• I know, I didn’t include vegan protein powder in the list. It was too self-evident to mention 😉

  • I used a reference of protein content per 100 grams for consistency between foods in this blog. However, the food that some people may choose to incorporate into their diet will be based on the protein content as compared to total calories. Please get in touch with me if you would like any help in working out which vegan sources of protein to incorporate into your diet if you are calorie conscious.

  • In a future blog post, I will provide more information on the Amino Acid profiles of these foods (which to quickly mention, plants have every essential Amino Acid to varying proportions!), plant-protein digestibility, the benefits they have over meat, dairy and eggs and the dangers of justifying the consumption animal based sources of protein because they are a ‘complete protein’. So be sure to keep your eyes out for it!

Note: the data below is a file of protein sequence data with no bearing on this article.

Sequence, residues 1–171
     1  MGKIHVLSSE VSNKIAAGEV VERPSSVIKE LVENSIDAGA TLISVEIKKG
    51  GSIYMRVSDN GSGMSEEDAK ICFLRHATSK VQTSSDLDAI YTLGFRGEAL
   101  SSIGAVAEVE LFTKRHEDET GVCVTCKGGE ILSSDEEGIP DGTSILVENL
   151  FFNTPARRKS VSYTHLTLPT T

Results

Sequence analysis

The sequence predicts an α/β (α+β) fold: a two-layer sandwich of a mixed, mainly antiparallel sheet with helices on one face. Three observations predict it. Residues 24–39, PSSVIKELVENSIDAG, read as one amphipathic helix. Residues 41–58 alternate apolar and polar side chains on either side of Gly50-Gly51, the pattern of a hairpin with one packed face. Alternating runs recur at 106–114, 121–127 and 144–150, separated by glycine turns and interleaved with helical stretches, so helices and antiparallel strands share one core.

Conclusion

So there you have it! Hopefully this list gives you some good tips of what to buy in your next shop to make sure you are getting healthy vegan sources of protein in your diet.

Which high-protein foods will you incorporate into your diet? Let me know by leaving a comment below.

And be sure to follow me on Facebook, Instagram and Pinterest and sign up to my Newsletter below so you are notified when the next blog post or vegan recipe is out!


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Find out more!

Do you need any help with planning a healthy and nutritious vegan diet and ensure you are getting in enough protein? Or are you keen to give the vegan lifestyle a try, but not quite sure how to get started? Then check out the link below to find out more about how Voach can help you with your goals!

Hi, I’m Rob!

Welcome to my website. I’m here to help people in their transition to the vegan lifestyle, share healthy and easy vegan recipes and publish science-backed blogs on vegan nutrition and well-being – so you can thrive with compassion!